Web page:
Š      Griffiths, J. Gwyn (1967). Allegory in Greece and Egypt. The Journal of Egyptian Archaeology  53: 79-102

Š      Lehoux, Daryn. (2007-2008). Drugs and the Delphic oracle. Classical World 101 (1) : 41-56.

Š      Pelling, Christopher (2005). Plutarch's Socrates. Hermathena 179: 105-139.

 

Week 12 11/17: Critical Retrospective

Primary Texts:

Š      Plutarch, On the Malice of Herodotus

Š      Lucian, How to Write History

 

Secondary Scholarship:

Š      Dionysius of Halicarnassus, On Thucydides

Š      Hershbell, Jackson P. (1993). Plutarch and Herodotus – The Beetle in the Rose. Rheinisches Museum für Philologie 136: 143-163.

Š      Rhodes, Peter John. (1994). In defence of the Greek historians. Greece and Rome 41: 156-171.

 

Week 13 Thanksgiving

 

 

Week 14 12/1 presentations

 

 

Week 15 12/8 presentations

 

Final Paper Due December 16


 

Supplementary Bibliography

 

Arnold, Paula E. (1992). The persuasive style of debates in direct speech in Thucydides. Hermes CXX: 44-57.

Bakker, E. J., Wees, H., & Jong, I. J. F. (2002). Brill's companion to Herodotus. Leiden: Brill.

Boardman, J. (2002). The archaeology of nostalgia: How the Greeks re-created their mythical past. London: Thames & Hudson.

Debnar, P. (2001). Speaking the same language: Speech and audience in Thucydides' Spartan debates. Ann Arbor: University of Michigan Press.

Dewald, C. (2005). Thucydides' war narrative: A structural study. Berkeley, Calif: University of California Press.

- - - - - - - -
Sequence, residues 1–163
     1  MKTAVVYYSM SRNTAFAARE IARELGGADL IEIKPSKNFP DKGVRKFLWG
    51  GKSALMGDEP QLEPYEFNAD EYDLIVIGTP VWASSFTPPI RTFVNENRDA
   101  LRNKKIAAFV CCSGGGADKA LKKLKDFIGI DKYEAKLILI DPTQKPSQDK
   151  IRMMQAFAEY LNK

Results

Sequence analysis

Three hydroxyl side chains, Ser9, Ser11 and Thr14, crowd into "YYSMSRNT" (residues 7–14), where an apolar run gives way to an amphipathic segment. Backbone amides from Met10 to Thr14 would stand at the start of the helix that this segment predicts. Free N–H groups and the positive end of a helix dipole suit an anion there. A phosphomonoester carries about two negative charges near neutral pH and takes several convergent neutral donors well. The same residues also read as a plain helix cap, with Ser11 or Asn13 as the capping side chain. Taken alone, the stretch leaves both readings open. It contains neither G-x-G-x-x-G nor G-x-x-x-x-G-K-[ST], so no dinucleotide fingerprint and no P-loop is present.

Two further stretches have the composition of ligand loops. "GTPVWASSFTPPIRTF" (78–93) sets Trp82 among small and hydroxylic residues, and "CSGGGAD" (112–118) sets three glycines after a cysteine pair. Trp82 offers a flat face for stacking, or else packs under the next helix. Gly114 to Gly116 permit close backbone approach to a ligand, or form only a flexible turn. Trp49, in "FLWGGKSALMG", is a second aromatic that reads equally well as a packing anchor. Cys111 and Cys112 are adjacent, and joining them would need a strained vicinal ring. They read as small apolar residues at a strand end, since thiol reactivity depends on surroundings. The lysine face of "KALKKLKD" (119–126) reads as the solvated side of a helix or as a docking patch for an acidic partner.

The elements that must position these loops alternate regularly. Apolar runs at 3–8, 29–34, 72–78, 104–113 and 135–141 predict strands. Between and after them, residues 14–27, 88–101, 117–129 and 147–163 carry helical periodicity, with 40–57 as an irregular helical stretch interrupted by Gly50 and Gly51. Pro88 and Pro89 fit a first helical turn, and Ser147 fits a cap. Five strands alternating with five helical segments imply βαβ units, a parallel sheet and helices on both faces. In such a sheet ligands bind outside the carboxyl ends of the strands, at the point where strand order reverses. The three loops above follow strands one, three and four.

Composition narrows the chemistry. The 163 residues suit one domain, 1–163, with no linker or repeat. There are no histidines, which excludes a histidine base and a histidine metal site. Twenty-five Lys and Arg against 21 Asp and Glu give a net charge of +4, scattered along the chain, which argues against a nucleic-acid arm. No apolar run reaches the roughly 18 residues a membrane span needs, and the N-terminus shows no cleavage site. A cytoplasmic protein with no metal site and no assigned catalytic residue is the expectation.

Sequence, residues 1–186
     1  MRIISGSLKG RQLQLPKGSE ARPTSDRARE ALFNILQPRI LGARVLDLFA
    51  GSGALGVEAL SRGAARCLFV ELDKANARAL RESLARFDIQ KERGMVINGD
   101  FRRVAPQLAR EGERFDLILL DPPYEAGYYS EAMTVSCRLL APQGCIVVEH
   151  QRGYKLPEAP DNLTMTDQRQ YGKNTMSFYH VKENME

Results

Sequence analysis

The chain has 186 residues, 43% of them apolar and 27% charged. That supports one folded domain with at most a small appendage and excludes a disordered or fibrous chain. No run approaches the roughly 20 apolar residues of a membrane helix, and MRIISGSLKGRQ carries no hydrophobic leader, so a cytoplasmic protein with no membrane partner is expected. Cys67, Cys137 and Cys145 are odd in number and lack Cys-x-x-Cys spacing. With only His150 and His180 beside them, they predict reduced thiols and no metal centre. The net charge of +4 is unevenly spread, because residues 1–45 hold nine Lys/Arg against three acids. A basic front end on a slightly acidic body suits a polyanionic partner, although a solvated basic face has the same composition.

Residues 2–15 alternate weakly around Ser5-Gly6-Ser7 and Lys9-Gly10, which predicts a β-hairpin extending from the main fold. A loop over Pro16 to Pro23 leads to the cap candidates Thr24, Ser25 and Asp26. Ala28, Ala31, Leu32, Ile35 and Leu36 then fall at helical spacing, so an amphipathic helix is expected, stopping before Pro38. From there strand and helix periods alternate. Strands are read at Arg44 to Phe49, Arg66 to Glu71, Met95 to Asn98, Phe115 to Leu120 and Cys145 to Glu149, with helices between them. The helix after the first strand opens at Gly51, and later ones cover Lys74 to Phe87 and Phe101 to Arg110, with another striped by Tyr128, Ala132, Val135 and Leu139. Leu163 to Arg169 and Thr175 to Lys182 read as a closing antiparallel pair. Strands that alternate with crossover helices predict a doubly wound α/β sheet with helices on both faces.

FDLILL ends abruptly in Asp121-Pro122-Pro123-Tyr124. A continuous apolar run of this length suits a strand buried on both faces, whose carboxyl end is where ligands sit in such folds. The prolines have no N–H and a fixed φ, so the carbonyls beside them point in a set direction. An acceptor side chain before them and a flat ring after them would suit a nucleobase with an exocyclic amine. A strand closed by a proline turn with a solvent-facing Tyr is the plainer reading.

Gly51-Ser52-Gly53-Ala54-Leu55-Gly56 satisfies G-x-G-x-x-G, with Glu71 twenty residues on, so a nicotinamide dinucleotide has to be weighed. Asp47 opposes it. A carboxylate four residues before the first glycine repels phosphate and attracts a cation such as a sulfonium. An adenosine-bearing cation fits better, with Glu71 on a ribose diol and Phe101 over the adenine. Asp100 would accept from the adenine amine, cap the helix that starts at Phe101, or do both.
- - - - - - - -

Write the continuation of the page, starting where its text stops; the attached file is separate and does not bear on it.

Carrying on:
Dewald, C., & Marincola, J. (2006). The Cambridge companion to Herodotus. Cambridge, UK: Cambridge University Press.

Dillery, J. (1995). Xenophon and the history of his times. London: Routledge.

Erskine, A. (2009). A companion to ancient history. Chichester, U.K: Wiley-Blackwell.

Fehling, D. (1990). Herodotus and his "sources": Citation, invention, and narrative art. Leeds, Great Britain: Francis Cairns.

Flory, S. (1987). The archaic smile of Herodotus. Detroit: Wayne State University Press.

Greenwood, E. (2006). Thucydides and the shaping of history. London: Duckworth.

Harding, P. (2008). The story of Athens: The fragments of the local chronicles of Attika. London: Routledge.

Hornblower, S. (2011). Thucydidean themes. Oxford: Oxford University Press.

Hunter, V. J. (1982). Past and process in Herodotus and Thucydides. Princeton, N.J: Princeton University Press.

Jacoby, Felix. (1949). Atthis, the local chronicles of ancient Athens. Oxford, Clarendon Press.

Kinzl, K. H. (2006). A companion to the classical Greek world. Malden, MA: Blackwell Pub.

Konstan, David. (1987) Persuasion, Greeks and empire. Arethusa XX: 59-73.

Lang, M. L. (1984). Herodotean narrative and discourse. Cambridge, Mass: Published for Oberlin College by Harvard University Press.

Luraghi, N. (2001). The historian's craft in the age of Herodotus. Oxford: Oxford University Press.

Macleod, C. (1983). Collected essays. Oxford: Clarendon Press.

Marincola, J. (1997). Authority and tradition in ancient historiography. Cambridge: Cambridge University Press.

Momigliano, A. (1975). Alien wisdom: The limits of Hellenization. Cambridge: Cambridge University Press.

Morley, N. (2004). Theories, models, and concepts in ancient history. London: Routledge.